There’s intersecting ground, where multiple states or constituents have an interest, this is your chance to make allies and not enemies.

When you’re on heavy ground, it means you’ve made much progress and there are entire cities behind you, this is your chance to plunder and restock with so many resources available to you.

You may run into the intractable ground, or difficult ground, which means it is full of marshes and forests and hard to get through the terrain, in this instance, you must keep moving to get out of that disadvantage.

You must also look out for enclosed or hemmed in-ground, which is twisty and narrow and leaves you vulnerable. In these instances, continuously keep an eye open and remain vigilant.

Lastly, we have desperate ground, or some call it death ground, where you are merely trying to survive and you must fight with every ounce of your being. If your opponent is striking so powerfully, it also means they are vulnerable there is still a chance for success here.

Chapter 12: The Attack by Fire

Focuses on weapons of war, though weapons at the time were very different. He brings up five ways to use fire:

1.Burning enemy soldiers

2.Destroying supplies

3.Destroying their supplies that are still in transit

4. Destroy their weapons and ammo

5. Destroying lines of communication and causing chaos.

You should always have your weapons ready and available for use at a brief notice, as long as the weather is hot and dry, ideal for the fire to spread.

Sun Tzu then talks about when the fire breaks out, there are ways to adapt to it. If you attack with fire, follow immediately with a physical attack to capitalize.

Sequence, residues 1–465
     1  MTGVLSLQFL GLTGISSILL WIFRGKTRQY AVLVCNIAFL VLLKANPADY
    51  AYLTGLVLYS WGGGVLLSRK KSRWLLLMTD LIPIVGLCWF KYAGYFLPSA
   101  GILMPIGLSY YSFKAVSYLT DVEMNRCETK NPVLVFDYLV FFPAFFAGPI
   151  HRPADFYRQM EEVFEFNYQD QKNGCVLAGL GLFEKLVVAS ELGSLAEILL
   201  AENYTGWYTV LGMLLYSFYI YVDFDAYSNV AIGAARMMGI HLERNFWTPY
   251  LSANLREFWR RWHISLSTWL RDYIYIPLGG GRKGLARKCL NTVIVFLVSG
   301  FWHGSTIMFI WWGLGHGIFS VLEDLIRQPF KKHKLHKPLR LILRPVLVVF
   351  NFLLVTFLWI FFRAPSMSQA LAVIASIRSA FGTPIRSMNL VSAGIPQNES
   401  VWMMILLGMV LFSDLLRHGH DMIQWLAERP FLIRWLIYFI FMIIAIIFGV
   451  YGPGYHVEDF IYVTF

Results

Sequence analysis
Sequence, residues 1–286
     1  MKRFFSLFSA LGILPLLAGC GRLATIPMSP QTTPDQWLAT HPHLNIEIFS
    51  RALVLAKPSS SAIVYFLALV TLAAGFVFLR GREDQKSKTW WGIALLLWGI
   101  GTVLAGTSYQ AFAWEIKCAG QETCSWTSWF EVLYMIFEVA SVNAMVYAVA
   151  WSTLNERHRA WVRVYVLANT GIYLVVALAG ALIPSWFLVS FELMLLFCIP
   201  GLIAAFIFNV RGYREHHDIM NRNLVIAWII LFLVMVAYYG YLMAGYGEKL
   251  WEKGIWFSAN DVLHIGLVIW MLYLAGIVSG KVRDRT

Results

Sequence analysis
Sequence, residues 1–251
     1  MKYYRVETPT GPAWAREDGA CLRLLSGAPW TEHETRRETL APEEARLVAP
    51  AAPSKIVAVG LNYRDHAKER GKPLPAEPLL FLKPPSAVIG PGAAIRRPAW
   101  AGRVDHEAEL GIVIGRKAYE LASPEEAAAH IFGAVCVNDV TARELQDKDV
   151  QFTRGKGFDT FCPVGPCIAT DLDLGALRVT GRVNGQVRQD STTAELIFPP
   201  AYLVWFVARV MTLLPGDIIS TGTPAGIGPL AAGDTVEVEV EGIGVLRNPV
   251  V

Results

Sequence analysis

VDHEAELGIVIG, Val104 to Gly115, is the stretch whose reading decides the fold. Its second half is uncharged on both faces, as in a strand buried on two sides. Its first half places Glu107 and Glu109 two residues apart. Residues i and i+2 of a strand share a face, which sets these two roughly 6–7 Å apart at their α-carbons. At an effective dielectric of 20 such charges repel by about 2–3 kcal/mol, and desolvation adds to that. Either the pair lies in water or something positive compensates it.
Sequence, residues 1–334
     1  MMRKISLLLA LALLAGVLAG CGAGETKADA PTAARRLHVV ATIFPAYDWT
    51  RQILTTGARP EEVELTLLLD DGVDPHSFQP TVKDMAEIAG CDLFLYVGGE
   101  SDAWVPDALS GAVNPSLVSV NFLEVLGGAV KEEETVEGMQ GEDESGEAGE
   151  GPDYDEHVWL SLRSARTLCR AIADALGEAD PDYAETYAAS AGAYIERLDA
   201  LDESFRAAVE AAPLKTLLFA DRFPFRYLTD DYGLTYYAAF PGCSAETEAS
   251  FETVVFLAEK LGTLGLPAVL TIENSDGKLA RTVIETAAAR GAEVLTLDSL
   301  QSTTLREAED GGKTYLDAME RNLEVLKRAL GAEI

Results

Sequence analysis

If you attack and there’s no response from the opposing army, it may mean that something isn’t as it seems. They may be baiting you, they may have been prepared, so wait and watch as the fire continues to spread. When the fire reaches is the greatest peak is when you should attack, do not wait for it to go out.

If you can start a fire from inside the camp, that’s beneficial as opposed to trying to attack from outside. Always be upwind when starting fires and remember that nighttime fires likely die quicker than daytime fires.

If the fire seems too risky or destructive, using water as a weapon, if the terrain allows, can also be a clever move. Though here he’s saying fire, I think these ideas can be transferred to other modern machines of war as well.

Chapter 13: The Use of Spies

Early on in these tips Sun Tzu brought up the idea of preparation and knowing your enemy. That’s not always easy, so in this chapter, he emphasizes using men who know the enemy and sorts them into five types.

Local spies live in the opposing nation or group, internal spies are actually within the enemy structure or government, and double agents are spies sent to find you that you have turned to your cause instead.

There is a thing called doomed spies (or dead spies in some translations) that exist to pass on false information to your enemy. So they might make your enemy think you are starving or taking a route that you’re not actually taking.

And lastly, we have live spies, who infiltrate and then return to your ranks with information though aren’t from that camp.

Sun Tzu says that these intelligence gatherers should be the best paid and best treated, as this wisdom is key to winning a victory, especially a bloodless one. Every move that a General makes is based on this intelligence.

Conclusion

What Sun Tzu had to say about the art of war? There are many ways that these tactics can be used today, especially in business circles.  How you run a business and compete with other businesses is an obvious parallel. Intelligence is key, preparation can defeat seemingly insurmountable odds, and knowing which battles to fight.

Down in the comments, share some ways that you’ve seen some of these tactics play out in your life, either in work, in your personal life, or somewhere else.


What did you learn from the book summary of The Art of War? What was your favorite takeaway? Is there an important insight that we missed? Comment below or tweet to us @storyshots.


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Summary of The Art of war

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Summary of The Art of war